- The Washington Times - Sunday, August 20, 2006

Connecticut Sen. Joe Lieberman — now an insistently independent Democrat — was pilloried during his losing primary contest with Ned Lamont, not only for his stand on the Iraq war but also because he is a Jew. Being one myself for many years, I was not surprised by the centuries-old persistence of this hatred among several of the fiercely anti-Bush bloggers during the campaign.

As Lanny Davis, special counsel to President Clinton, and a Lieberman supporter, reminded us in the Aug. 8 Wall Street Journal, blogging anti-Semites had Mr. Lieberman in their sights back on the Daily Kos Web site on Dec. 7 from a contributor: “… as everyone knows, Jews only care about the welfare of other Jews; thanks ever so much for reminding everyone of this most salient fact.” And on July 8 of this year, on the Huffington Post Web site: “Lieberman cannot escape the religious bond he represents. Hell, his wife’s name is Haggadah or Muffeletta or Diaspora or something you eat at Passover.”

Mr. Davis made the obvious point that “most Connecticut Democrats voting for Mr. Lamont are genuinely outraged at President Bush for his Iraq War policies” and Mr. Lieberman’s religion was not at all their motivation for backing this George Soros-supported Lamont to replace him. But except for Mr. Davis, in all the coverage of this campaign for “the soul of the Democratic Party,” there has been very little notice of the vivid, though limited, obbligato of anti-Semitism.

Similarly, little noted during the pro-Palestinian demonstrations on college campuses around the country is the occasional morphing of anti-Israel hatred into plain classic anti-Semitism. For example, waving in the California sun on a campus was the regret: “Hitler didn’t finish the job!” These are not entirely rare instances. On April 3, the U.S. Commission on Civil Rightsreported: “Many college campuses throughout the United States continue to experience incidents of anti-Semitism … When severe, persistent or pervasive, this behavior may constitute a hostile environment for students in violation of Title VI of the Civil Rights Act of 1964.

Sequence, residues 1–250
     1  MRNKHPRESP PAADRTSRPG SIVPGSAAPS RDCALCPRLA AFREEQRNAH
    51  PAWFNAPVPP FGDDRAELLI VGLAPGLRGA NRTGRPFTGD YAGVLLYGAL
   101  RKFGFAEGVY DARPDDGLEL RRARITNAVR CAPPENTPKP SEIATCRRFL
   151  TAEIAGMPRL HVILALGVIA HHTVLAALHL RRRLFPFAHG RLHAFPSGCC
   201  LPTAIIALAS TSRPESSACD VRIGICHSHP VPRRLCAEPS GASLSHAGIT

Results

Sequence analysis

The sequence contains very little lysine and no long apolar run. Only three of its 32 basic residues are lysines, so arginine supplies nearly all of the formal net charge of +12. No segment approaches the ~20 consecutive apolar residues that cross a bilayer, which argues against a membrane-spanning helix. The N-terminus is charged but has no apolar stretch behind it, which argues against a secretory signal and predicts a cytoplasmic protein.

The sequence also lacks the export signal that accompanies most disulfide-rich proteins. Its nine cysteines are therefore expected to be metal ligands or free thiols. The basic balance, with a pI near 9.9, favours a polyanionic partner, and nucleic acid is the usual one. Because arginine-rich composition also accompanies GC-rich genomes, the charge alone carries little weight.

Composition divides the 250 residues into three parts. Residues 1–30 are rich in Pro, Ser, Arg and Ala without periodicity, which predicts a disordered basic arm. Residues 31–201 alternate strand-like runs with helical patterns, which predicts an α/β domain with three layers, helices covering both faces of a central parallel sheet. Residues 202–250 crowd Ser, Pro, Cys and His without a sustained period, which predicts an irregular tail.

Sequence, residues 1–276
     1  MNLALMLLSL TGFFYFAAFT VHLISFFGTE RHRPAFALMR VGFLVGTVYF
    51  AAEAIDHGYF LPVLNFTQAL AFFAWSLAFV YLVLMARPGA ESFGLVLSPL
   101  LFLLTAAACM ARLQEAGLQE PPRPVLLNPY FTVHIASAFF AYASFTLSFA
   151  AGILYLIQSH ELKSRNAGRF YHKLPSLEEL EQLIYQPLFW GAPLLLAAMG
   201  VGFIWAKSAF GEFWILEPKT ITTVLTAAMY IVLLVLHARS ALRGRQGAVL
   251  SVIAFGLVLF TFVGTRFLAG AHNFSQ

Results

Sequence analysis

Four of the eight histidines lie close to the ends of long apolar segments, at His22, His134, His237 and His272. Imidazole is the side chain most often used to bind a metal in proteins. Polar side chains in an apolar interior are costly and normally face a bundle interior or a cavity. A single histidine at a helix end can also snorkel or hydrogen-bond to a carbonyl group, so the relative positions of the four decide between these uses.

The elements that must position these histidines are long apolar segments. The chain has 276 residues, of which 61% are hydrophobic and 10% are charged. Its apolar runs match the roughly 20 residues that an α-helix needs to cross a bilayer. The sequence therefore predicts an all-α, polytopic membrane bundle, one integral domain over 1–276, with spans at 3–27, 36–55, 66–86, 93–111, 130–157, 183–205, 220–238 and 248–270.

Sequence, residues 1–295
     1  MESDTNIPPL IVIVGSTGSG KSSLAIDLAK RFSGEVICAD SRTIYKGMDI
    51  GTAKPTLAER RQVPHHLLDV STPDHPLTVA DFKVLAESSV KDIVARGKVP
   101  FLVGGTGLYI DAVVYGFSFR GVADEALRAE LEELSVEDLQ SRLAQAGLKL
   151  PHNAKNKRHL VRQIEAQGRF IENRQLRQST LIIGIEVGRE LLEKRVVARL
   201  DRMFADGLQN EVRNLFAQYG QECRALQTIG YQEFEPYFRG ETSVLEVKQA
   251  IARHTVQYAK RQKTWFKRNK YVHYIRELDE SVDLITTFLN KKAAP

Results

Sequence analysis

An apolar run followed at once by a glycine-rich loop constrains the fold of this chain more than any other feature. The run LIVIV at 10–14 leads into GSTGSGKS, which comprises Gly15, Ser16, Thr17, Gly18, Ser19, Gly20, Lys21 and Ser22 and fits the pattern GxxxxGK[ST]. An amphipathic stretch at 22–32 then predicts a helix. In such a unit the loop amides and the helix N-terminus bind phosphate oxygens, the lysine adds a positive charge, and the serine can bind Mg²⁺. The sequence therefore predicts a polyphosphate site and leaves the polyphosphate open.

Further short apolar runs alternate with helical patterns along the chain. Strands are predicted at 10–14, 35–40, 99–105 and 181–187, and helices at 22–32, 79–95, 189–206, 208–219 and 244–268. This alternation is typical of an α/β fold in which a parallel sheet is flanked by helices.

“On many campuses,” the commission continues, “anti-Israel or anti-Zionist propaganda has been disseminated that includes age-old anti-Jewish stereotypes … that perpetuate the medieval … blood libel of Jews slaughtering children for ritual purpose … as well as Jews as overly powerful, or conspiratorial.”

In the 1990s, I was speaking at Michigan State University, where there was mounting tension between some black and some Jewish students, resulting from Nation of Islam leader Louis Farrakhan’s appearance on that campus months before. Jews, he had assured the students, “suck the blood out of the black community.” During my talk there, I spoke of my friendship with Malcolm X, who had broken with the Nation of Islam, and shortly before he was assassinated for his perfidy Malcolm told me that there were whites he’d be willing to work within the organization he was forming.

This did not go over well with a clamorous group of Farrakhan supporters in the audience who tried to shout me down, which is a hard thing to do. Simultaneously, there were Jewish students in that audience who spoke critically, as I had, of Mr. Farrakhan’s hatred of Jews. Amid the tumult, a student, a young woman, rose, looked around and said: “People who are bigots,” she began, “are ignorant. They can only think and see in generalizations, like the way they look at blacks.” The Farrakhan contingent was nodding approvingly until she said: “I am a Jew. Nobody knows that by looking at me, so I hear worse things than blacks do because the bigots don’t know they’re talking about me. I often hear Jews should be driven out of the country.”

The rancor on both sides had become louder. Undaunted, the young woman went on: “I’m a Jew and I’m a good damn good person! I don’t care what anybody is. If you’re a good person, you’ll be my friend.”

Recently, I went to see my newest grandchild, Ruby, on her first birthday. She’s so full of life that she gave some to me. A Jew, she will be safe in America, unlike in some European countries, let alone in the rest of the world. The chances are that as her years increase, Ruby will become aware that she, too, is among people marked to be especially “chosen” and scorned by bigots who do not want to be her friend.

I’ll tell Ruby, if I’m still around, that you never get used to that, but this is America, and you can stand up to these haters, as the young woman at Michigan State did.

I can still see that Jew, head up high, proud as punch of who she was and would continue to be. At a college, in one of his last speeches, Malcolm X angrily interrupted a black student who was condemning Jewish “bloodsuckers.” Roaring, Malcolm said, “You’re doing what has been done to us for centuries!”

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